Extracts from 'Mayo - Aspects of its Heritage'
Although the town itself only dates back to 1825, when it was founded by Major Bingham (who over the previous thirty years had built Bingham's Castle and found Binghamstown), the name is attested, as Ballimolitt, in Hiberniae Delineatio ('Petty's Atlas’), 1685. The word mullet is English, but whether it refers to the fish of that name or to the five-pointed star called by that name in heraldry (and perhaps suggested by the shape of the peninsula?) is uncertain. The original name of the town in Irish was probably Beal an Mhuileat, a form that still survives to some extent. A change from 'I', to 'r', which is quite common in Irish may have given Beal An Mhuireat which in turn became Beal an Mhuirhead. Pop. 1841 637; 1851 935; (+400 in workhouse); 1871 849; 1891 652; 1911 681.
The barony of Erris the north west corner of the Co. Mayo. BroadHaven from the north and Blacksod Bay from the south, penetrate to meet at the isthmus of Belmullet and cut off the rest of mullet peninsula to the west. On the east Erris adjoins barony of Tirawly. The term Erris in the language of the older inhabitants of Du Chaochain is of restricted meaning and applies to the Mullet peninsula only. P. Knight at p 4. of his book (Erris in the Irish highlands, Dublin,1836) writes: 'Erris means western peninsula and strictly speaking should be confined to the portion within the isthmus of the Mullet…. the natives call all beyond that 'the mountains'."
"At two points in the barony I found Irish in full vernacular : Faulmore and adjacent townlands to the west and Du Chaochain, comprising Kilgalligan, Carateigue, Stoneflied and Cornboy in the north of the barony, beside Beinn Bhui Head . At these two places, Irish was in 1936 the every day speech of old and young and the majority of the children acquired their first knowledge of English on attending school. Many of the older people knew Irish only.
"The entire people of the two Islands of Inniskea had been accommodated in new holidays by the Irish Land Commission at Glosh and Nakil on the opposite mainland soon after 1930. In their new homes on the mainland these migrants formed a compact community whose main pursuit continued to be fishing. They have always been entirely Irish-speaking.
"Faulmore was, before the land commission's scheme of consolidation there was completed in 1936-'37, an old world rural village or 'baile', made up of a score or more of thatched houses built close to one another . The main harvest of the community was from the sea. With the coming of consolidation each household acquired additional land and a new dwelling on its own holding. The old village was demolished. In the past Faulmore had considerable contact with the Iniskea islands, and intermarriage between members of the two communities was uncommon.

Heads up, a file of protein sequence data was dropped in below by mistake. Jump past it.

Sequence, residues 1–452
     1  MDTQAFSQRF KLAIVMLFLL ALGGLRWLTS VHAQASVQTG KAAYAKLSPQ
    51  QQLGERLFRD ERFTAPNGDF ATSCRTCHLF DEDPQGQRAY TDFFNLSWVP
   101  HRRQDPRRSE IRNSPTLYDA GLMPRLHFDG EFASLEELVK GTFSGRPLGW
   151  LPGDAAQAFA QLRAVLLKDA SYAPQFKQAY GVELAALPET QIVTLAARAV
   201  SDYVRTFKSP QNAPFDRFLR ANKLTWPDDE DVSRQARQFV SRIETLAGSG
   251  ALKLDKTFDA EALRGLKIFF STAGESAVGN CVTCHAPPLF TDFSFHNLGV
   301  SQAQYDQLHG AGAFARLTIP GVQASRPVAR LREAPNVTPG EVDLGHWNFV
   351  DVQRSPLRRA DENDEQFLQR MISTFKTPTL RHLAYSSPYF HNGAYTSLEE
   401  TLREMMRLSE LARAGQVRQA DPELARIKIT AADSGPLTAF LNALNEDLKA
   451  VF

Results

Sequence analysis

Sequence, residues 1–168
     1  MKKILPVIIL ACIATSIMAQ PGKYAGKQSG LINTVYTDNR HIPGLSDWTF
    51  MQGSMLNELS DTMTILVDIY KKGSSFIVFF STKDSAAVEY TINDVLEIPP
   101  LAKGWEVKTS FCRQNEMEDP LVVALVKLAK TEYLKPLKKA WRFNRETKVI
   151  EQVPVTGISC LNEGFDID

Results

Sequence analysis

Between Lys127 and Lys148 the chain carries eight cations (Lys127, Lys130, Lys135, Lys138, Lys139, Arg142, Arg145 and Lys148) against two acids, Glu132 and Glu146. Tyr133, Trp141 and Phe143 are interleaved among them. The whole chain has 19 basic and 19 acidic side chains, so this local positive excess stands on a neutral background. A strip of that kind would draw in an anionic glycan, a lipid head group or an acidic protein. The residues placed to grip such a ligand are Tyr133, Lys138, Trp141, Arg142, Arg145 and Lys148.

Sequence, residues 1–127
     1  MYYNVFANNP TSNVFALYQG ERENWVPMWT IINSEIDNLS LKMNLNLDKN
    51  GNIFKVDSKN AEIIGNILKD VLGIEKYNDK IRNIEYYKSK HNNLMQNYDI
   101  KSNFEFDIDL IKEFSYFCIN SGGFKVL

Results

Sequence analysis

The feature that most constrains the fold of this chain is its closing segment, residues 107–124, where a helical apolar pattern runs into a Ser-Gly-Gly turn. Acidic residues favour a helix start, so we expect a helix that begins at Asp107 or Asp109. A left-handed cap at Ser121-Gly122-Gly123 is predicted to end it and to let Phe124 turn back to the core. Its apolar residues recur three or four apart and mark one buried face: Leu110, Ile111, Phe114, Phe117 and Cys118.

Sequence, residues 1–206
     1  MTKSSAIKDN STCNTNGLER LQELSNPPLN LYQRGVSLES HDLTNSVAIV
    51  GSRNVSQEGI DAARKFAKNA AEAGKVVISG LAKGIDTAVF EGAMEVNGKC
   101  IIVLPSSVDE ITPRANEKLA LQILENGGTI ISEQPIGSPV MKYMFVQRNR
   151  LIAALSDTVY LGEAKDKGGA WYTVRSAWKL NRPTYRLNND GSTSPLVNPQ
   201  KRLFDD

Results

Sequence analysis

"Doohoma is on the southern coast of the small peninsula or headland south-west of Geesala village, and has extension Ceann Reamhar Head pointing in the direction of Achill. In Doohoma in 1935,those of the older generation were fluent Irish speakers but English was fast replacing Irish as the every day speech of the younger generation and those of school age. There has been heavy emigration to Scotland and to England for many years from the Doohama district.
"Phonetically and in its accidence Erris Irish is in marked with the Irish of Ballycroy and Achill, where Donegal influence is much in evidence. Doohoma people used to quote the Ballycroy version of the proverb 'cat after kind' viz . siul a' chuit ag a' phisin, for which Doohma people said siul a' chait ag a' bpisin. They contrasted too, ar a' phortach, insa bhad, ar a' bheithioch for Ballycroy, with their own ar a' bportach, insa mbad ar a' mbeithioch. They also adverted to the Achill and Ballycroy pronunciation of deanamh as deanu, for which they in Doohoma would say dionu.
"The Irish of Erris seems to be typical of Mayo Irish in general; it is conservative in its sounds, as also in its declensional patterns, and has gravely disgressed from Classical Irish, though there are some features in which it shows a striking departure from classical forms. Two scholars in the past have had observations to make, which are opposite here, and may be quoted.
John Mac Neill in Clare Island Survey Section 1, part 3, p.7, says of the local dialect Clare Island; 'Its phonetic system is the best preserved of all the extant Irish dialects known to me, that is to say, is the most fully in conformity with the orthography of the early modern Irish'. T.F. O. Rahilly in his Irish Dialects, p.246, and remarks: On the whole, it would seem that the Irish of N. Connacht has the fewest deviations from the older pronunciation’. These remarks would appear to be equally applicable to the Irish of Erris today".
by Bernard O'Hara, Reproduced by kind permission of the author